***

Lisa sighed as she unlocked the door.  She loved her husband and adored her son, but sometimes she just had to get away for a bit.

As she closed the door behind her, Lisa froze in shock.  The room was a shambles, with toys and books scattered across the floor, the orange juice out on the counter, along with a banana, half a sandwich and a small pile of cookies.  The hockey game had given way to L’antichambre, and the sound was off.

“Philippe?” Lisa called quietly.

A small head popped up over the back of the couch. Gaston tried putting one finger to his lips and said, “Chut, Maman.” His little voice dropped to a whisper. “Papa dort.”

She came around the couch cautiously. Philippe was indeed asleep, Gaston’s favorite blanket partially covering his chest and the boy’s small pillow gently placed over his father’s face.

“Gaston aime Papa.” The little boy patted his father’s hand, crawled between Philippe and the back of the couch and carefully laid down next to him. Philippe stirred in his sleep and laid a gentle hand on his son’s head.

Three Word Wednesday, 1/4/2011

Naughty, Tactic, Zenith

Xeri focused briefly on the terrain in front of her and then strode briskly on a course three degrees to the left.  I’m sure this is where it is — it’s the kind of tactic he’d use.

Nearly half a wake period later, she stopped in front of three rocks, sculpted together by the wind. For years, they had met here, played, grown and bonded, to the despair of their parents. Naughty girl, she could remember her mother crying, and after we’ve worked so hard to establish the contract with Caetor Brandis. Do you know what you’re doing?

Xeri had shrugged her shoulders and nonchalantly accepted her punishment. I can’t help it if Ixle Brandis thinks he wants me. It will be Falai or no one. She repeated the words to her father, who visibly sagged and returned the mate-price to the Caetor. The following winters had been very difficult — and would have been worse had Falai not done what he could to help her.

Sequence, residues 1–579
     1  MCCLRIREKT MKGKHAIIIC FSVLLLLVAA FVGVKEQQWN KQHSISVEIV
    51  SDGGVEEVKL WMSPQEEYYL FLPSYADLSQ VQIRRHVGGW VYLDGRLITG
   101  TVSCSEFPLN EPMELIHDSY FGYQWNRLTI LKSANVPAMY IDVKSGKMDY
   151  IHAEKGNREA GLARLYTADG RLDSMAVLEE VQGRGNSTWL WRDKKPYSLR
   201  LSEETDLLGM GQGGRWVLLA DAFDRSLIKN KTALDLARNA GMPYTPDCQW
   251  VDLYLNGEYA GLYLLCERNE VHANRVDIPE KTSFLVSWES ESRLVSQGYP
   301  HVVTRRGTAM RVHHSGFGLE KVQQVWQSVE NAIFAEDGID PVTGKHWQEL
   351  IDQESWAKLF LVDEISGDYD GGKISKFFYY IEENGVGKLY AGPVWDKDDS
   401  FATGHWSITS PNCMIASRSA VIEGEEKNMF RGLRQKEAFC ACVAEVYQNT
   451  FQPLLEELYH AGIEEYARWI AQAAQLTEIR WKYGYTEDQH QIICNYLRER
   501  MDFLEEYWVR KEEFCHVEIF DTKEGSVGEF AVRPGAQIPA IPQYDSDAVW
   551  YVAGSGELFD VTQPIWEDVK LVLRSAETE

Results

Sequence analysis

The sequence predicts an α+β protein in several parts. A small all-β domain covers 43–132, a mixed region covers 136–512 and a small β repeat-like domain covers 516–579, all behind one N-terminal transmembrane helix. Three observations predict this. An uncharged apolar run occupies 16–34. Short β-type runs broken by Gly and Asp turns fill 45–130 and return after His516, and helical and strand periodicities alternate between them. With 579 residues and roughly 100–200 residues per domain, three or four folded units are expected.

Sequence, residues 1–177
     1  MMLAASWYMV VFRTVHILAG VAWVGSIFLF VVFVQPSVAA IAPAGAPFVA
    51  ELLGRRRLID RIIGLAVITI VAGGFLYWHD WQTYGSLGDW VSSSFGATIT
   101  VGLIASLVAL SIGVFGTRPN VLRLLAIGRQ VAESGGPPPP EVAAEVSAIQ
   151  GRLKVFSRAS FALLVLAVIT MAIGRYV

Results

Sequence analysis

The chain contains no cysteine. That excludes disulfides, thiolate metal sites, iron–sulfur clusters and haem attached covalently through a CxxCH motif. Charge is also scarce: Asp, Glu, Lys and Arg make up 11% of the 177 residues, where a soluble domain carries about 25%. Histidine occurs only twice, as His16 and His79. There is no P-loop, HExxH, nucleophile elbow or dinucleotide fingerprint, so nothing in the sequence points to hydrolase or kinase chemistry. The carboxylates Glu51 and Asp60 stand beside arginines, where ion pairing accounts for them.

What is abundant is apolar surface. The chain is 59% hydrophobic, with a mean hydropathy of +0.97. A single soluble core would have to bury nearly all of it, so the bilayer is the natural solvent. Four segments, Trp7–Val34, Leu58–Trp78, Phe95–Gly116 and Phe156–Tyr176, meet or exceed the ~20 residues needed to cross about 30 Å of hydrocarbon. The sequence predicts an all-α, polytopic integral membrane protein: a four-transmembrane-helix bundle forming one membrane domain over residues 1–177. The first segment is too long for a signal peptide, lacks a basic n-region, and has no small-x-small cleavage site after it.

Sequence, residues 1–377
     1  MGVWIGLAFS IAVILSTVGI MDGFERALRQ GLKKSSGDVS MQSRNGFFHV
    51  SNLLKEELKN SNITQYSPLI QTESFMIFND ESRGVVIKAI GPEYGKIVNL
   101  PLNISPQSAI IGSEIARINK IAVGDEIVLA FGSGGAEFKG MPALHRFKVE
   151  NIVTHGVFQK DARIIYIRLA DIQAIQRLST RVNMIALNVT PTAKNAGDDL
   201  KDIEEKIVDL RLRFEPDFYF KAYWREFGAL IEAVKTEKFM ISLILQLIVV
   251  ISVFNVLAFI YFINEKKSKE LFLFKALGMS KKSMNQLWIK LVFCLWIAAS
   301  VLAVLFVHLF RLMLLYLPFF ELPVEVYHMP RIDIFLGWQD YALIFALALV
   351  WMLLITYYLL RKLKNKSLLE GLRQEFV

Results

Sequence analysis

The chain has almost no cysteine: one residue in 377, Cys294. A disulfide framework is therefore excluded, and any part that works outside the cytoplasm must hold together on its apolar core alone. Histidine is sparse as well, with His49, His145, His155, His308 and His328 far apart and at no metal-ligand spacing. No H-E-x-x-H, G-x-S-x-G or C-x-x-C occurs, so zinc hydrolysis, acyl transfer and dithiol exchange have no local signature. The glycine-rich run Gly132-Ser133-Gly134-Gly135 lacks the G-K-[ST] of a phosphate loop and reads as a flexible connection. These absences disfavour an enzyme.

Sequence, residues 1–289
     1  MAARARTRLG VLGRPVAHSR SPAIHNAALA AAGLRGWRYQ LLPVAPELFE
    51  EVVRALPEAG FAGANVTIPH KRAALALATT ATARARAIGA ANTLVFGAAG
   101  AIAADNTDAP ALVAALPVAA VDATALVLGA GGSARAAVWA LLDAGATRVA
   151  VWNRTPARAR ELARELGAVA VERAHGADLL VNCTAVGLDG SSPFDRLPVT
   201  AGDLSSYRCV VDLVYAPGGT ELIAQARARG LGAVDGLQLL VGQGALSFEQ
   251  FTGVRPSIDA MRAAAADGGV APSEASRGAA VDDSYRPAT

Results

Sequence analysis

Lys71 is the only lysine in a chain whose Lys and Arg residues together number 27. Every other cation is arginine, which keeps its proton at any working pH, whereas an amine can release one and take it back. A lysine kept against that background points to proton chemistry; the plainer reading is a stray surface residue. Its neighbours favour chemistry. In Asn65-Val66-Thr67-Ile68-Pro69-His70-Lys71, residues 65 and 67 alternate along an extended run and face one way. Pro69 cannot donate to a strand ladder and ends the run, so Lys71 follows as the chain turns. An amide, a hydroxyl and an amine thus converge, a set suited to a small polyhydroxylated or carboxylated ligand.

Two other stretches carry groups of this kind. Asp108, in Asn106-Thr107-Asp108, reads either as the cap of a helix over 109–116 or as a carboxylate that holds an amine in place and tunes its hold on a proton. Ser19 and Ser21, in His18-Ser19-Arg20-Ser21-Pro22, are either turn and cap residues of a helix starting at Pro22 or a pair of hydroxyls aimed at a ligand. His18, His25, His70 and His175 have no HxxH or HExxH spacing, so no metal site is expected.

What’s past is past. She climbed the rocks, finding the familiar hand and footholds, until she reached the zenith. Her vision blurred with tears, but she brushed them away angrily. Falai would laugh at me.  He had been gentle and practical — even-tempered, not given to much emotion; a stark contrast to her volatile nature.

You give me fire and I –“

You gentle me. Yes.”

It had been their balance.  Now she had to find a new balance, alone.

Xeri reached out with her mind — here, there — trying to sense what he’d left behind. There?  No, there! She let her sense brush it gently, bring it to life. Slowly, before her eyes, a spark glimmered and grew. It was all that was Farai, all that was left of him. She cupped her hands in front of her, and the light floated to them, settling in.

“Xeri.”

“Yes, kerame?” The light glittered on her face in the wake of a single tear.

“Always with you. Always.”

“I know. And I with you.”

“Let me go now.” When she hesitated, his face shimmered briefly in front of her. “You must, mekera.”

“Yes.” She spoke the word of release under her breath, and the light rose, and thinned and vanished on the wind.

“Always…”

Lisa and Philippe #3, Three Word Wednesday, 9/28/2011

Cherish, Guarantee, Nausea – Thought I’d have some fun following up Cherries and this story

Lisa clenched her teeth tightly as the wave of nausea passed over her.  She glanced at the timer set on the bathroom sink and closed her eyes. Just five more minutes… Not that there’s any real doubt, is there?

Philippe peeked around the corner of the door, wary. Lisa’s temper had been a byword for the last week, and he didn’t want to set her off.

She smiled wanly. “It’s okay. I won’t snap your head off.”

He entered, sat down beside her on the side of the bathtub and handed her a mug of steaming hot licorice tea.

“Are you sure this will work?”

“Yes.” He gave her a sideways glance. “I guarantee it. I remember… Maman… Stephane.  It’ll help.”

She sipped slowly and he put his arm around her to pull her close.

“I love you, Philippe.”

“I know, ma belle. And I cherish you.”

The timer chimed. They both started, and then exchanged a long look.

“You look,” she said. “I can’t.”

Philippe stretched out one long arm and picked up the stick. “If there’s a line, yes?”

“Yes.”

A smile slowly spread across his face, like the sun dawning in the bathroom’s small window. He pulled her to him more tightly and kissed her on top of her head.  “So, what shall we name him?”

“Him?”